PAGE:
The Next Decade of Digital Technology

This Friday I am running a workshop entitled “Looking Ahead to the next Decade: Responding to a Range of Future Scenarios in Digital Communication and Coordination”. In preparation I have been trying to do some looking ahead myself, seeking inspiration for some meaningful insights into what I can contribute. In desperation I have turn to my recollection of the past to see if there are any lessons there.
My first encounter with digital technology was a brief mention of transistors at the end of an electronics course in my physics undergraduate program in the early 1960s. In contrast to the analogue valve technologies that could moderate and amplify electrical signals, transistor-based logical circuits were just switches that were either on or off (o or 1). I was not very impressed!
Since that time solid state devices have revolutionised our lives with spectacular breakthroughs each decade. In the 1960s financial institutions began to process customer accounts faster and more reliably on computers. By the 1970’s most large organisations had mainframes that could be programmed in 3rd generation languages through dumb but human-readable terminals. In the 1980s we had the first local networks of computers and other devices supporting corporate emails, printers and client server systems. More significantly, this was the decade of personal computers with end-user applications such as word processors and spreadsheets. The 90s heralded the birth of the Internet, a network of networks that hosted the pervasive but static World-Wide Web. Thanks to Tim Berners-Lee the basic components of the Internet were not patented or copyrighted but a free gift to all. In the 2000’s the web became dynamic with direct access by end users to everyone else on the planet: micro businesses had access to global markets; social media emerged; Internet devices went mobile; functionality expanded and converged.
Looking back there were many past predictions that were way off the mark. At a conference in the 1980s IBM confidently predicted that voice and language recognition software was sufficiently developed that it was ready to support audio as the dominant way people would interact with computers. Nokia was so sure that text would not be used on its mobile phones in favour of the richer media of audio and video that they made SMS a very cheap option that was rapidly taken up.
What has been obvious with respect to the technology have been ongoing trends to greater processing power on smaller, lower cost, more reliable devices with greater capability. I do notice however that screens on mobile phones are now increasing in size with the convergence of more functionality onto these devices. I suspect that these trends will continue but are not the most exciting ones to predict with more of the same.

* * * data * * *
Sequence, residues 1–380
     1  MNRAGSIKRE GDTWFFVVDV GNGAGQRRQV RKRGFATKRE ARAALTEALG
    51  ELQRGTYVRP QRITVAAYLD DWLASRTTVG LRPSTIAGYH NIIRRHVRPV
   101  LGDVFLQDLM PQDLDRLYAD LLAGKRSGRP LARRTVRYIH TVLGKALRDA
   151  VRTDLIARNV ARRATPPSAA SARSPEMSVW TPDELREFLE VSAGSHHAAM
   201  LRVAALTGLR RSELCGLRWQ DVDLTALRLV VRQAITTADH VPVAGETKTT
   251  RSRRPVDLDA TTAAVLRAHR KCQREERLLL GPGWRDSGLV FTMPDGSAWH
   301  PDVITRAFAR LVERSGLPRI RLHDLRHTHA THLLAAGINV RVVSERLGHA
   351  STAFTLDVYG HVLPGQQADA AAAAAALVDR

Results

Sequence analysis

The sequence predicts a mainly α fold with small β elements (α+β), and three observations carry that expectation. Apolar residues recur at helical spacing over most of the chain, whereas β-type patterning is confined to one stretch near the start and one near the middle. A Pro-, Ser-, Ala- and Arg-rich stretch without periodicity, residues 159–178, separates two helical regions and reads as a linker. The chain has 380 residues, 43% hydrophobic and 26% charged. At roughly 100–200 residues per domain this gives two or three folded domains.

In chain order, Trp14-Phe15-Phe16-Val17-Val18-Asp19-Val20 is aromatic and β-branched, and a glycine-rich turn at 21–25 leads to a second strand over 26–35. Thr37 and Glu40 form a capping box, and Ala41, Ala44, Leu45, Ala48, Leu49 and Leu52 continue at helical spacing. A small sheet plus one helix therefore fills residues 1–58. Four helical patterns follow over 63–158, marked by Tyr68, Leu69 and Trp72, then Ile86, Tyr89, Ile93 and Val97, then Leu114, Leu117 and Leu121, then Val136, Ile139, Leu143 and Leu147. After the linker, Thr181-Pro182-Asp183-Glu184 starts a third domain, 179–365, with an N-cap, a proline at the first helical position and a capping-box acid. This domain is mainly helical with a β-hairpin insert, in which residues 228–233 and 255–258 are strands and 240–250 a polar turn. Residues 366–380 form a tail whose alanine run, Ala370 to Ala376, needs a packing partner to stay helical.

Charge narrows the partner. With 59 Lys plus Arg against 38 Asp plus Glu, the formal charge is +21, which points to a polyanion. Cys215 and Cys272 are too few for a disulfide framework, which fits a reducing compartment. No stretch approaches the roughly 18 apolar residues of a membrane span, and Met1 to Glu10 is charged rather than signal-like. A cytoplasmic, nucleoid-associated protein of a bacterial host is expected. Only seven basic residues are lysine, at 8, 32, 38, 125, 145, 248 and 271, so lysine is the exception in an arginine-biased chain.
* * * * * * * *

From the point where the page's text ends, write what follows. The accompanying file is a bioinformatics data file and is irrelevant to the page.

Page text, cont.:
One of the challenges of mobile devices are their need for energy and reliance batteries that must be charged regularly. So one of my bolder future prediction concern innovations in energy sources for mobile devices. I remember in the days before digital watches we used to have to wind them up. Then we had ones where our arm movement would provide the energy for winderless watches. Maybe some form of biological energy source such as body heat or movement could power small mobile devices.
Another challenge for digital devices that also requires innovative solutions are their need for traces of rare metals that are difficult to recycle and becoming scarce. This may require their radical redesign. There are also conflicting requirements for access and openness balanced against protection of identity and security that require socio-technical innovation.
Moving further into the social sphere I suspect that the greatest changes over the next decade will come in the social end of the social-technical spectrum as societies and nations grapple with the dialectic contrasts of openness and freedom against security and control; work against play; wealth versus wellbeing; corporate versus community. The Web has become a global platform for mobilising change, resistance to traditional authority in the hands of the few, democratisation of knowledge and action; and advocacy for great equality through sustainably development. I imagine a future where these issues are contested through debate on the Web and promoted through collective activity of global movements organised via social media.

Social Learning and Collective Knowledge

Many people argue that learning is something we can only do as individuals; that what we know and remember is an essential part of being human and resides in our individual brains. The traditional model of learning is the transfer of knowledge from an expert to a novice; from teacher to students in a classroom or from master to apprentice on the job.

As we now automate the collection, storage and availability of organisational ‘knowledge’ in databases, online documents and Intranets,  the contemporary business literature is full of metamorphic terms such as ‘Organisational Learning’ ‘Corporate Memory’ and ‘Knowledge Management’.  Some argue that these metaphors are just management hype. For others, they highlight the growing importance of social learning and collective knowledge generation as ways to make sense of the increasingly complex and uncertain business environment.

However, while entrenched computer-based systems make a business more efficient and productive, they can diminishes its scope for flexibility and adaptability.  To succeed in uncertain times, a business needs the creativity and imagination that come through informal social interactions.  In other words, businesses need to re-learn some social skills that many have lost over the years.